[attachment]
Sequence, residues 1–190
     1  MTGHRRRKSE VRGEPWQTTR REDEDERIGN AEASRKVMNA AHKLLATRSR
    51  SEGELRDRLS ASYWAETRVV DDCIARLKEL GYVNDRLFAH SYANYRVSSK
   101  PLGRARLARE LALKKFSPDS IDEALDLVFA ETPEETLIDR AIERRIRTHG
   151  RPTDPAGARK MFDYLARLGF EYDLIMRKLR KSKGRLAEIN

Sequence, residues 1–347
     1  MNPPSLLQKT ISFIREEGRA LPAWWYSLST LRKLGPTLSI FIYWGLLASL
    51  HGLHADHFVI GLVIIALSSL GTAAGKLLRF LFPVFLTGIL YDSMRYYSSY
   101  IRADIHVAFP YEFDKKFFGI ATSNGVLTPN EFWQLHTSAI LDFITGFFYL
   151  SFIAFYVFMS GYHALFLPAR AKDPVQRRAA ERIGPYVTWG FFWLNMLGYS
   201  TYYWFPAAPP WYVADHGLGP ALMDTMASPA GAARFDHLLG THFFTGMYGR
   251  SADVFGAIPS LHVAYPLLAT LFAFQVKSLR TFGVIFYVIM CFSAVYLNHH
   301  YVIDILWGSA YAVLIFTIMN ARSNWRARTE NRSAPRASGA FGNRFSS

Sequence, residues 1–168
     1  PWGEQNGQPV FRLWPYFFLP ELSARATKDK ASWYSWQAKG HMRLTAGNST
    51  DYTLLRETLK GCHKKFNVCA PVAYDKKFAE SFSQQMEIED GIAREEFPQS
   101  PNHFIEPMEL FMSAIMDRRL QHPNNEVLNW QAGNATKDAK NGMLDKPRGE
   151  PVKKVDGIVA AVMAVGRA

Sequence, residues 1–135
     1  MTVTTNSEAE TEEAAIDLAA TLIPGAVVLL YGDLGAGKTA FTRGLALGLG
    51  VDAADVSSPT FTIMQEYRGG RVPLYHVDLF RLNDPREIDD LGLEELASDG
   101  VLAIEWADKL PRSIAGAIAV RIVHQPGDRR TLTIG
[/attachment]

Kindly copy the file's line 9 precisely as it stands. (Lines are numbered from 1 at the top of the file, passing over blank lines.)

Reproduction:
   101  IRADIHVAFP YEFDKKFFGI ATSNGVLTPN EFWQLHTSAI LDFITGFFYL